1
$\begingroup$

Let $f$ be an integrable function on $\mathbb{R}$ such that for every continuous $g$ on $\mathbb{R}$, $\displaystyle\int_\mathbb{R} fg \ dm=0$. Show that $f$ is zero a.e.

This is a qualifier sample problem and my idea is to proceed by contradiction. My problem here is that $f$ is not necessarily nonnegative so I'm having difficulties on establishing inequalities to arrive at a contradiction. Thanks!

$\endgroup$
7
  • 1
    $\begingroup$ Hint: You can always write a measurable function $f$ as $f =f^++f^-$ where $f^+(x)=\max\{0,f(x)\}$ and $f^-(x)=-\max\{0,-f(x)\}$. So $f\neq 0$ a.e. implies $f^+$ or $f^-$ must be non-zero on some set of positive measure. $\endgroup$
    – Dayton
    Apr 26, 2019 at 17:45
  • $\begingroup$ If we write $f$ in that form, I don't see why that works. $\endgroup$ Apr 26, 2019 at 18:06
  • $\begingroup$ $\int_\mathbb R fg~dm=0$ for every continuous $g$ implies that $\int_I f~dm=0$ over every interval $I$. Let $g$ be a bump with height 1 on $I$ and very steep slopes. If $f$ were to have some oscillatory/cancellation behavior, then it will need to oscillate infinitely fast to do so on every interval. Furthermore there must be a simple function that approximates $f$ on $I$. Such a simple function must be very small on any set of positive measure. Not rigorous, just some thoughts. $\endgroup$
    – jdods
    Apr 26, 2019 at 18:20
  • 1
    $\begingroup$ You can cheat; the assumptions imply that the Fourier transform $\hat{f}(k)=\int_{-\infty}^\infty f(x)e^{-ikx}\,dx$ vanishes, and since the Fourier transform is injective, $f=0$. The cheating part is that you should prove that the Fourier transform is injective, of course. $\endgroup$ Apr 26, 2019 at 18:58
  • 1
    $\begingroup$ @GiuseppeNegro LOL. Now we are cheating, we could also say that $f$ is weakly differentiable with weak derivative $0$, so it must be constant a.e.. But then the only integrable constant is zero. Here we did all kind of cheating (and circle reasoning)... $\endgroup$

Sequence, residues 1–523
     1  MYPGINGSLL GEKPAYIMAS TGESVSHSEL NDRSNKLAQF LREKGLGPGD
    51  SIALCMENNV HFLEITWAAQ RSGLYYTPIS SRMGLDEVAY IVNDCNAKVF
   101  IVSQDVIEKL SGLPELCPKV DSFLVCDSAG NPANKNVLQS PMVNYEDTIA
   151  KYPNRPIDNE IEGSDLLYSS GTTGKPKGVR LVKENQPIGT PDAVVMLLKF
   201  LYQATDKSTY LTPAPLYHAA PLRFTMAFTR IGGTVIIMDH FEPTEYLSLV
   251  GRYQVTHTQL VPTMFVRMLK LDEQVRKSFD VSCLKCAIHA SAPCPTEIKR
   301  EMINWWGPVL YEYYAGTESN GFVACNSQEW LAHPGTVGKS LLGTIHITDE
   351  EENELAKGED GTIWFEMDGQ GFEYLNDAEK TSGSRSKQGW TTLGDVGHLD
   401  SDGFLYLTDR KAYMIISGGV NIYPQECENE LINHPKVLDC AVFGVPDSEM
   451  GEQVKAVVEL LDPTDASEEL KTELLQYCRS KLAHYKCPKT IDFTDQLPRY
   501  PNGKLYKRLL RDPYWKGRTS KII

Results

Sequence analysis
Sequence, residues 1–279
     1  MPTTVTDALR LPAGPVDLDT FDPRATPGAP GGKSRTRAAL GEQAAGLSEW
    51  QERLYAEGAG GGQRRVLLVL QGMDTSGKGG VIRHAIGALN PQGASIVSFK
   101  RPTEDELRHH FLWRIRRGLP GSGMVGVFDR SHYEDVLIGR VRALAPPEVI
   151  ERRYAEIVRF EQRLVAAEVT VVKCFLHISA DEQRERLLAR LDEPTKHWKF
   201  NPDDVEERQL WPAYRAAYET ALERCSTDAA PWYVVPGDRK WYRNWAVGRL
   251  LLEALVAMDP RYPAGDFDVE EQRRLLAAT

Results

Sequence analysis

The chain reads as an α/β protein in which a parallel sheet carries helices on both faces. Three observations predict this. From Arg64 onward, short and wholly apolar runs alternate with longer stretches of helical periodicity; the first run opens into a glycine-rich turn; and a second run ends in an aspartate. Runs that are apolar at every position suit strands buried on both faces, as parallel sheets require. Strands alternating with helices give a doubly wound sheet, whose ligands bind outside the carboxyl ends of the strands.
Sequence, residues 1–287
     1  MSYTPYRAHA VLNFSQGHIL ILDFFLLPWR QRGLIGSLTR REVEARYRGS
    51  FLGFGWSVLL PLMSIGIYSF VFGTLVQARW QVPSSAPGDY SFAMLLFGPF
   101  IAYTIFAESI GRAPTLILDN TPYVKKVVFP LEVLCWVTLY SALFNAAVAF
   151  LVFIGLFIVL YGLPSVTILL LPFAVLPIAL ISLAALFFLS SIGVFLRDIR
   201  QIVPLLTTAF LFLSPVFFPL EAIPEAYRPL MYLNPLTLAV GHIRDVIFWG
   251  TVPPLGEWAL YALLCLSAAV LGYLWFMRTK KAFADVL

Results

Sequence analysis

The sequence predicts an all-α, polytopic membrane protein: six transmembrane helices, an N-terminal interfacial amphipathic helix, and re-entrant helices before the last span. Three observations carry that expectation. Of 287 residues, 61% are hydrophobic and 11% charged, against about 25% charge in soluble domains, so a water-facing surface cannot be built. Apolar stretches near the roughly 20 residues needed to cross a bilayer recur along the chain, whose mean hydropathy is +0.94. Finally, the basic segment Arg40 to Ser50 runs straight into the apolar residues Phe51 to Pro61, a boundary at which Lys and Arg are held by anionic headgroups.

– Shashi
    Apr 26, 2019 at 19:03

2 Answers 2

0
$\begingroup$

Hint: If $b\in L^\infty(\mathbb R),$ then there exists a sequence $g_n$ of bounded continuous functions on $\mathbb R$ such that $\|g_n\|_\infty\le \|b\|_\infty$ for all $n,$ and $g_n \to b$ pointwise a.e.

$\endgroup$
0
$\begingroup$

$\newcommand{\sign}{\operatorname{sign}}$By taking continuous functions $g$ with support in $(0,1)$, we can conclude that the statement is true for all functions $g\in C_c((0,1))$, i.e. functions with compact support in $(0,1)$, right? So let us focus on the function $f|_{(0,1)}$ on $(0,1)$ and forget about $\mathbb R$ for the moment.

Since $(0,1)$ equipped with the Lebesgue measure $m$ is a finite measure space, Lusin tells us that for every $\varepsilon>0$ there exists a compact set $K_\varepsilon\subset (0,1)$ such that $m((0,1)\setminus K_\varepsilon)<\varepsilon$ and a continuous function $h_\varepsilon$ with compact support such that $h_\varepsilon=\sign(f)$ on $K_\varepsilon$ and $\sup_{x\in (0,1)}|h_\varepsilon(x) |\leq 1$. This means for instance that we can take $g=h_\varepsilon$ and get $$0=\int_{(0,1)}fg\,dm=\int_{K_\varepsilon} |f|\,dm + \int_{(0,1)\setminus K_\varepsilon}fh_{\varepsilon}\,dm$$ Now we take a sequence of $\varepsilon$s, say $\varepsilon_n=1/n$, and apply DCT (HOW?) to get that $$\int_{(0,1)}|f|\,dm=0$$ which implies $f=0$ a.e. on $(0,1)$. But we could also take $(a,b)$ instead of $(0,1)$, right? Of course, try it yourself and see if you understand it.

$\endgroup$
1
  • $\begingroup$ Edited. I have added a crucial thing about $h_\varepsilon$. $\endgroup$
    – Shashi
    May 5, 2019 at 14:08

Your Answer

By clicking “Post Your Answer”, you agree to our terms of service, privacy policy and cookie policy

Not the answer you're looking for? Browse other questions tagged or ask your own question.